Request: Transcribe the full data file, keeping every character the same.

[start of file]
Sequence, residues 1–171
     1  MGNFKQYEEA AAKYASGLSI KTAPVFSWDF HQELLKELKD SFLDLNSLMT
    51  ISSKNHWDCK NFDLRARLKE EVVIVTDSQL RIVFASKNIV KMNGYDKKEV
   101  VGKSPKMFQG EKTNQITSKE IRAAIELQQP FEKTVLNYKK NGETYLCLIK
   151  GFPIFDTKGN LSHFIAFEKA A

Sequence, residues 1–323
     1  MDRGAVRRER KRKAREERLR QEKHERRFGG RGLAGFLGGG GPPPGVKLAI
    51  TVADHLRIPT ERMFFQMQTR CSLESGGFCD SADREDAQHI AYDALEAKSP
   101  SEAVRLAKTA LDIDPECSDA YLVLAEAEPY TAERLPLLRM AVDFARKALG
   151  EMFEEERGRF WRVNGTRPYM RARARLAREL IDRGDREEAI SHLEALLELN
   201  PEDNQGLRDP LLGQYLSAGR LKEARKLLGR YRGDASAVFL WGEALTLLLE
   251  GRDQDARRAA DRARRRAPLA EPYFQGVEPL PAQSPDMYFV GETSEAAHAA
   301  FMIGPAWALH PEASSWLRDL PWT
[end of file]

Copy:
Sequence, residues 1–171
     1  MGNFKQYEEA AAKYASGLSI KTAPVFSWDF HQELLKELKD SFLDLNSLMT
    51  ISSKNHWDCK NFDLRARLKE EVVIVTDSQL RIVFASKNIV KMNGYDKKEV
   101  VGKSPKMFQG EKTNQITSKE IRAAIELQQP FEKTVLNYKK NGETYLCLIK
   151  GFPIFDTKGN LSHFIAFEKA A

Sequence, residues 1–323
     1  MDRGAVRRER KRKAREERLR QEKHERRFGG RGLAGFLGGG GPPPGVKLAI
    51  TVADHLRIPT ERMFFQMQTR CSLESGGFCD SADREDAQHI AYDALEAKSP
   101  SEAVRLAKTA LDIDPECSDA YLVLAEAEPY TAERLPLLRM AVDFARKALG
   151  EMFEEERGRF WRVNGTRPYM RARARLAREL IDRGDREEAI SHLEALLELN
   201  PEDNQGLRDP LLGQYLSAGR LKEARKLLGR YRGDASAVFL WGEALTLLLE
   251  GRDQDARRAA DRARRRAPLA EPYFQGVEPL PAQSPDMYFV GETSEAAHAA
   301  FMIGPAWALH PEASSWLRDL PWT